“The Texas Chain Saw Massacre,” Tobe Hooper’s seminal 1974 classic, has had surprisingly long legs in terms of franchise appeal, with new installments coming out in every decade since the original masterpiece’s initial release. This trend continues with Legendary’s “Texas Chainsaw Massacre,” out now on Netflix.
It takes a similar approach as 2018’s “Halloween,” serving as a legacy sequel to the original while continuing the long-established mythology. As the poster for the original movie so unforgettably asked: who will survive and what will be left of them? We might not be able to answer that, but we can tell you who are Leatherface’s potential victims this time around and how they fit into this brand new horror show.
Elsie Fisher as Lila
Actress Elsie Fisher, who broke out as the star of Bo Burnham's 2018 directorial effort "Eighth Grade" fills the lead role of Lila. Lila is Melody's sister who begrudgingly goes along on her weird entrepreneurial scout of a dusty backwoods Texas town.
Sarah Yarkin as Melody
Sarah Yarkin is shaping up to be an unexpected scream queen. Yarkin co-starred in 2019’s brilliant “Happy Death Day 2 U” and on the small screen in “Motherland: Fort Salem” (yes, it was about witches). And she’s back again, dodging maniacs in “Texas Chainsaw Massacre.” Yarkin plays Melody, a young entrepreneur looking to revitalize a sleepy backwoods Texas town (fun fact: they shot in Bulgaria!) Of course, she gets considerably more complicated when they unwittingly wake up a ghost from the town’s past. And by ghost we mean Leatherface.
Mark Burnham as Leatherface
Leatherface is one of the most iconic killers in cinema history. His crimes, which include murder, grave-robbing, and fashioning masks out of human skin, were loosely based on the real-life exploits of Ed Gein, the killer who inspired Norman Bates and “Psycho.” Over the years, Leatherface has been embodied by different hulking performers, although the gold standard was set by Gunnar Hansen in the 1974 original. “Texas Chainsaw Massacre” director David Blue Garcia recently admitted that had Hansen still been alive (he passed away in 2015 from pancreatic cancer), he would have probably asked him to play the maniac again. (Fun fact: in the teaser for “Leatherface: The Texas Chainsaw Massacre III,” Leatherface is played by Kane Hodder, who played Jason Voorhees in several “Friday the 13th” sequels.) This time around Leatherface is essayed by Mark Burnham. And boy does he go to town. Those yuppies never knew what hit ‘em.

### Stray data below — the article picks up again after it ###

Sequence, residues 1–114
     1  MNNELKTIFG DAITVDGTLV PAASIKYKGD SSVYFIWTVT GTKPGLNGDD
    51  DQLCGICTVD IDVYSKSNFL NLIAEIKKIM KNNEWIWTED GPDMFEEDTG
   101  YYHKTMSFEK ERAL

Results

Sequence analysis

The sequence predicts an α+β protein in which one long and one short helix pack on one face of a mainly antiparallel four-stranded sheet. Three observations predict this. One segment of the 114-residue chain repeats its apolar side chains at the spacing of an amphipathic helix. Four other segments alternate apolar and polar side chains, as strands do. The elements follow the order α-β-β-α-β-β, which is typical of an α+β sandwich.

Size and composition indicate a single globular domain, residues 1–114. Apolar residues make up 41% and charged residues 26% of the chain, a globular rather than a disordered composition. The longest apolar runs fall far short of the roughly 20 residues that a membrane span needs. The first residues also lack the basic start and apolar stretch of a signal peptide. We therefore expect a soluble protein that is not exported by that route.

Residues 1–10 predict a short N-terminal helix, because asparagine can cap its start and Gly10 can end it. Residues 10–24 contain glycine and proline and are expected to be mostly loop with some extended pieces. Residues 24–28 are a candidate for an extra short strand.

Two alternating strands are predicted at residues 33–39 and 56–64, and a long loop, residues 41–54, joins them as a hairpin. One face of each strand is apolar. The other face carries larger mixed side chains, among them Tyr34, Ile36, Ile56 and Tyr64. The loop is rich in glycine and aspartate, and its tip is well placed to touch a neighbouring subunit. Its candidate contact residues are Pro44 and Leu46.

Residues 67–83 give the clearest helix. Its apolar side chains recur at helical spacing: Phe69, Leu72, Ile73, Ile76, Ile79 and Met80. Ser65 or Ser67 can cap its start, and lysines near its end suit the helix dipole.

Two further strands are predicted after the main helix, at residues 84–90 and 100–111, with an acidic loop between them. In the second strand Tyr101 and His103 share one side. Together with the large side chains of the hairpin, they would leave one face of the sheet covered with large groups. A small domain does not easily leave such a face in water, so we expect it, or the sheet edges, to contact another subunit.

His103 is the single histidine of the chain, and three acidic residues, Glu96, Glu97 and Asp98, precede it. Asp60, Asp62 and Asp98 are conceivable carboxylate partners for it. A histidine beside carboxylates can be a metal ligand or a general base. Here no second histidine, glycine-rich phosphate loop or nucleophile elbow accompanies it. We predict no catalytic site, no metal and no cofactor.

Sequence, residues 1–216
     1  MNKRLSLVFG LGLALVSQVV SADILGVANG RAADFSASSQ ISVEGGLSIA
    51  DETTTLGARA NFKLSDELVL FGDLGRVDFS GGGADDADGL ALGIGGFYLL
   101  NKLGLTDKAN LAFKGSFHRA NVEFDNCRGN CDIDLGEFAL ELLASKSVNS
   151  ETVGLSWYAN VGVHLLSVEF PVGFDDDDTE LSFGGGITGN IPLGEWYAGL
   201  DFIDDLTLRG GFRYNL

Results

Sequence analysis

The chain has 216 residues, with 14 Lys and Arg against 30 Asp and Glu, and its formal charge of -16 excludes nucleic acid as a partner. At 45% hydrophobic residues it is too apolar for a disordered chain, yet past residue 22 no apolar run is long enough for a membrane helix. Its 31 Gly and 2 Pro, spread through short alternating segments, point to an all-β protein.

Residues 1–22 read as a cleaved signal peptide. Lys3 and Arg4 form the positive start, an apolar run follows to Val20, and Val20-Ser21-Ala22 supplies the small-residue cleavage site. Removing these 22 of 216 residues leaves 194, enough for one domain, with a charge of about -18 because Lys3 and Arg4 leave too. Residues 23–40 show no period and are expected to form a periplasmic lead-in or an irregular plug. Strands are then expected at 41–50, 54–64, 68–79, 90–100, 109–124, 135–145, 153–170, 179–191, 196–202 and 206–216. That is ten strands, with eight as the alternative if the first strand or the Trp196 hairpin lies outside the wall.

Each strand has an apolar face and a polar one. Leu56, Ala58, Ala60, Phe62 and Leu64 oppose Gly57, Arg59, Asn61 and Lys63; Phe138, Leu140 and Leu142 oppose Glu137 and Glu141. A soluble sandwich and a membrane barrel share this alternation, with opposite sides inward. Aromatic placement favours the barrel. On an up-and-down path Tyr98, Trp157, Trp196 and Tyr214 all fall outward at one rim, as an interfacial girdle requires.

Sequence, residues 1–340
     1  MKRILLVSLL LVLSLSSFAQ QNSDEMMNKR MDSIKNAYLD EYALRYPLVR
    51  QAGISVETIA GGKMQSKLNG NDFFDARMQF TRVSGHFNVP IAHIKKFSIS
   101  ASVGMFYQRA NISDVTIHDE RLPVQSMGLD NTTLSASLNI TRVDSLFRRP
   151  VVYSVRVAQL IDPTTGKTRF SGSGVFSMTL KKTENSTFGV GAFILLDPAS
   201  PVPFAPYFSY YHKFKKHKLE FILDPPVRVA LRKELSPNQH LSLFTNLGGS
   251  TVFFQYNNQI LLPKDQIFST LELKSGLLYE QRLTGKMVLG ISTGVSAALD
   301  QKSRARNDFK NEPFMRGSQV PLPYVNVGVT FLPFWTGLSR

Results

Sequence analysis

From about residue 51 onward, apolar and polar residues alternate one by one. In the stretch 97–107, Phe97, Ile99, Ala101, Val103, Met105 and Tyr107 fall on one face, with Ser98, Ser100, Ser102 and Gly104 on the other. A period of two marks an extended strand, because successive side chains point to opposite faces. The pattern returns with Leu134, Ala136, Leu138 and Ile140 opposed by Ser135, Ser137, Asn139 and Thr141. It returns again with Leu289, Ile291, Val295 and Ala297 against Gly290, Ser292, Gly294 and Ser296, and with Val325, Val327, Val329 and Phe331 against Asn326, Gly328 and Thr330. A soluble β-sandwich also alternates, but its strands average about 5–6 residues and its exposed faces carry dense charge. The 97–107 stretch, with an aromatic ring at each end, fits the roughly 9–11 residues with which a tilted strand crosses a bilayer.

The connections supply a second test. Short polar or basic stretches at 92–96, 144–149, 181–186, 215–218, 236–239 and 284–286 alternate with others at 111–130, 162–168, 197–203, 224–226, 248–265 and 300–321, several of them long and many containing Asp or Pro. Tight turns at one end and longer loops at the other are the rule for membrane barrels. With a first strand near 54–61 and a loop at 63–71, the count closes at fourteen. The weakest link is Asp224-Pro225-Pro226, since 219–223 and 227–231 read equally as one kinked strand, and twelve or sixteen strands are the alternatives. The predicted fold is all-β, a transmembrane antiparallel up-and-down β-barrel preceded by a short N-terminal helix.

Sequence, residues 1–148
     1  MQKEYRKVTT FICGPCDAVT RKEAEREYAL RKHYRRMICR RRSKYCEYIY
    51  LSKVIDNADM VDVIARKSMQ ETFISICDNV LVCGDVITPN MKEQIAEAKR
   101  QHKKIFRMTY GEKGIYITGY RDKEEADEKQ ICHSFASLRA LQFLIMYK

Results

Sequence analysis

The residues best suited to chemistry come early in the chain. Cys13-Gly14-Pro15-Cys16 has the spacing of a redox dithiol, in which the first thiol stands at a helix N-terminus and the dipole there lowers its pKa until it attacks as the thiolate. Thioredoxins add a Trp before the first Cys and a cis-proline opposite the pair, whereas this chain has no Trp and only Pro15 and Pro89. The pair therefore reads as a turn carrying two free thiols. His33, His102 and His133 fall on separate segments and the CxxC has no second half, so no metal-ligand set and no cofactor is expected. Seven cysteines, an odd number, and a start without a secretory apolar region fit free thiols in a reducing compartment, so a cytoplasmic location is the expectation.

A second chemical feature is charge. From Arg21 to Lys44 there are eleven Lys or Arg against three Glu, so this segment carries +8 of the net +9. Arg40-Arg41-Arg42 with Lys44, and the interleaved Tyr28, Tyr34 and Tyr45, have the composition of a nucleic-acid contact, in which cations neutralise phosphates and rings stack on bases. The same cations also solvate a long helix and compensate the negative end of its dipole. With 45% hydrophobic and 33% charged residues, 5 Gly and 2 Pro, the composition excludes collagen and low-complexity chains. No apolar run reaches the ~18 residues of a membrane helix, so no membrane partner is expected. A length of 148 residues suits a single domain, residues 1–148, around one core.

Olwen Fouéré as Sally Hardesty
Actress Olwen Fouéré, whose roles range from "This Must Be the Place" to "Mandy," plays the character of Sally Hardesty from the 1974 original film. Sally, of course, was the lone survivor of the original movie’s attack, which left several young hippies dead in some Texas backwater, and Sally (undoubtedly) permanently scarred. Marilyn Burns originated the role of Sally in the groundbreaking horror film and appeared in 1994’s “Texas Chainsaw Massacre: The Next Generation” and 2013’s “Texas Chainsaw 3D.” The intention was probably to have Burns return, but she sadly passed away in 2014. Fouéré’s new version of the character combines aspects of Jamie Lee Curtis’ return in “Halloween” (2018) and Sarah Connor from “Terminator 2: Judgement Day.” This Sally has been waiting for her final face-off with Leatherface, and she’s not going to squander it (or run out of bullets).
Jacob Latimore as Dante
Jacob Latimore, a regular on the Showtime series "The Chi" who has also appeared in films like "Detroit" and "The Maze Runner," plays Dante. Dante is one of the group of yuppie entrepreneurs who hand-picks a small Texas town for revitalization and invites a group of tech-world influencers to join them in their grand unveiling. But, of course, he might be pushing the economic initiative a little too hard. And, um, things go from bad to worse.
John Larroquette as Narrator
Legendary actor John Larroquette reprises his role as the narrator of the film, a role he filled in the 1974 original, the 2003 reboot and 2006’s underrated prequel “The Texas Chainsaw Massacre: The Beginning.” Larroquette's filmography includes "Night Court," "Stripes," "Star Trek III: The Search for Spock” and “Southland Tales.” His gravelly, completely straight-faced line reading was meant to really sell the idea that the original “Texas Chain Saw Massacre” was based on true crimes, which was only sort of true. But the effect was successful; his narration is as iconic a component of the original film as the mask made of human skin or that big metal door. Larroquette is truly a part of horror history, and it’s great to see him reprise that role in this latest installment.